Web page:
Consider the legal profession. Many of the tasks currently performed by lawyers, paralegals and legal secretaries are pretty formulaic. Whether they’re preparing real estate contracts, rental agreements or wills, these tasks usually involve taking a legal document, slightly adapting it to the needs of the client and filling in the blanks with the correct information. With the help of algorithmic software, online legal platforms like RocketLawyer, LegalZoom and LawDepot can do this work automatically by just asking clients a few simple questions. More sophisticated tasks are also beginning to be automated. In 2016, BakerHostetler, one of the largest law firms in the United States, “hired” a robotic lawyer named Ross. Powered by IBM’s Watson supercomputer, Ross can sift through thousands of legal documents in hundreds of databases and make independent decisions about which ones would be most useful winning a particular case. As a result of automation, 31,000 law-related jobs have been lost in the United Kingdom alone, and another 114,000 will probably disappear in the next two decades. Meanwhile, in the United States, two out of three lawyers could either lose their jobs or see them radically changed in the next 15 years. For example, instead of writing legal documents themselves, human lawyers will just be proofreading and editing documents written by robots like Ross.
Impact on the way you do banking:
Nowadays, when you need to do your banking, it’s possible to go for years without ever having to visit a physical branch of your bank. You can update your information and carry out transfers online, and you can deposit and withdraw money from an ATM. Now, remember the meaning of the acronym ATM: Automated Teller Machine. The tasks that are performed by an ATM used to be the exclusive job of human tellers. Those tellers still exist, of course, but in lower numbers today than in yesteryear, thanks to ATMs. In other words, automation has already been present in the commercial banking industry for quite some time, and it’s going to continue gaining steam in the years ahead. To understand why, it’s helpful to recall the reasons that banks exist in the first place.
Impact on the way you take medicines:
Have you ever felt sick and Googled your symptoms? Then, like millions of people, you’ve already experienced one of the ways in which automation will transform the future of healthcare. Before online search engines and virtual assistants like Alexa, you probably would have seen your doctor about your symptoms. Now you can find information about their causes and remedies by simply typing a few words into your search bar or saying, “hey, Alexa, how do I perform CPR?” Alexa will already give you precise instructions on how to do things like that, and in the coming years, virtual assistants will become even more sophisticated – capable of answering just about any question you’d ask your family doctor. Meanwhile, we’ll be able to continuously monitor, analyze and improve our health with a variety of sensors and apps built into our rings and clothing, along with microchips implanted in our skin. All of these technologies have already been developed to one degree or another. You can monitor your heart rate with a Fitbit, use app to diagnose whether a suspicious skin spot is cancerous or not and even wear a posture-improving device that will give you a little electric shock every time you slouch. These are just a taste of things to come. In the near future, as these technologies evolve and proliferate, we’ll be able to track automatically nearly every aspect of our health and self-diagnose nearly every common ailment. And for diagnosing more serious diseases, many hospitals are already using supercomputers like IBM’s Watson.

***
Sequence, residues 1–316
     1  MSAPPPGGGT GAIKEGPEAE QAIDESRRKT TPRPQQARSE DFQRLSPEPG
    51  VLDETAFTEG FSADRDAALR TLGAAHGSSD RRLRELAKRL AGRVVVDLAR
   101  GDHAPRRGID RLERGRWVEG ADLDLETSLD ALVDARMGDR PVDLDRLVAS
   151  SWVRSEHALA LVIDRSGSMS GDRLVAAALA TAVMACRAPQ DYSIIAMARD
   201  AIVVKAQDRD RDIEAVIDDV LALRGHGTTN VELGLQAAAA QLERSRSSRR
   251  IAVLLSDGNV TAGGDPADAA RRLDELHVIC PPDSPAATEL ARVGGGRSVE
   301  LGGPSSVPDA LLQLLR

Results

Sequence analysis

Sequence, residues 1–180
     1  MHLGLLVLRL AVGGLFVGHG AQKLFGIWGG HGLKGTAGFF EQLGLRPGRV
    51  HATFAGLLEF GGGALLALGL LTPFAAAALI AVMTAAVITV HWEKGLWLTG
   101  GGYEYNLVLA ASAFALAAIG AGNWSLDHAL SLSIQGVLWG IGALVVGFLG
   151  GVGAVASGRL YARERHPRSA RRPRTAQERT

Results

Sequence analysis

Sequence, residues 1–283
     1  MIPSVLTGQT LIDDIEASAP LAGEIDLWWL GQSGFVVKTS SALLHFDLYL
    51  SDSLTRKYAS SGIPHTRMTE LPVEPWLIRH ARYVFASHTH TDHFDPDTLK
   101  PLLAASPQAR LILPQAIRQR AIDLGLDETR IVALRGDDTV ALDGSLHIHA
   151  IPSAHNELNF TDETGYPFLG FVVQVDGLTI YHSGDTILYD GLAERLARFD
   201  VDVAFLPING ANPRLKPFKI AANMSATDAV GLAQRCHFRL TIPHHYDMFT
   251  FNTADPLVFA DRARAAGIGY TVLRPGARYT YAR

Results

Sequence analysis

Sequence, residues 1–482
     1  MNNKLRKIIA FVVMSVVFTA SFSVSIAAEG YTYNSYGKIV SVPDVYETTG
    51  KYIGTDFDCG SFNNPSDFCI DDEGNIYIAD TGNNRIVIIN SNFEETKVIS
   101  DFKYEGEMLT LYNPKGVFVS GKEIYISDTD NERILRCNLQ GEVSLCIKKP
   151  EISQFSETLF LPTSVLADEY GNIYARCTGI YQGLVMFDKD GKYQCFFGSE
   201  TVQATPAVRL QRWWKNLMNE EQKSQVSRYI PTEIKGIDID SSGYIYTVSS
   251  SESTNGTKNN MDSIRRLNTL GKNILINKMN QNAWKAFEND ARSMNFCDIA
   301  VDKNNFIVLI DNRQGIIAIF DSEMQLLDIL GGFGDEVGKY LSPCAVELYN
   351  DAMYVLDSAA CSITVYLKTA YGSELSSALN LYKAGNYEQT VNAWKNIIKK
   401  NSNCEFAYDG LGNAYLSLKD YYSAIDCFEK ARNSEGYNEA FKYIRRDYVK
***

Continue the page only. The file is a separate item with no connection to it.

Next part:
As a general rule of thumb, the more routine a job is, the more likely it is to be automated. In other words, the more your job involves doing repetitive actions, the more likely a robot or a computer is to start doing it for you in the coming years. That’s why many lower-end jobs are going to be eliminated; a machine can flip burgers just as well as a human. But the same holds true for many -end jobs.
Over the next few decades, automation will likely replace many current workers in manufacturing, transportation, banking, law and the service sector. Along the way, it will create some new jobs that will center around supporting the robots and other automated systems that replaced those workers. Automation will also eliminate some positions and job functions in medicine, journalism and education, but it will also allow workers in those fields to do more interesting work. Finally, automation will expand people’s free time, which will increase the demand for artists and entertainers.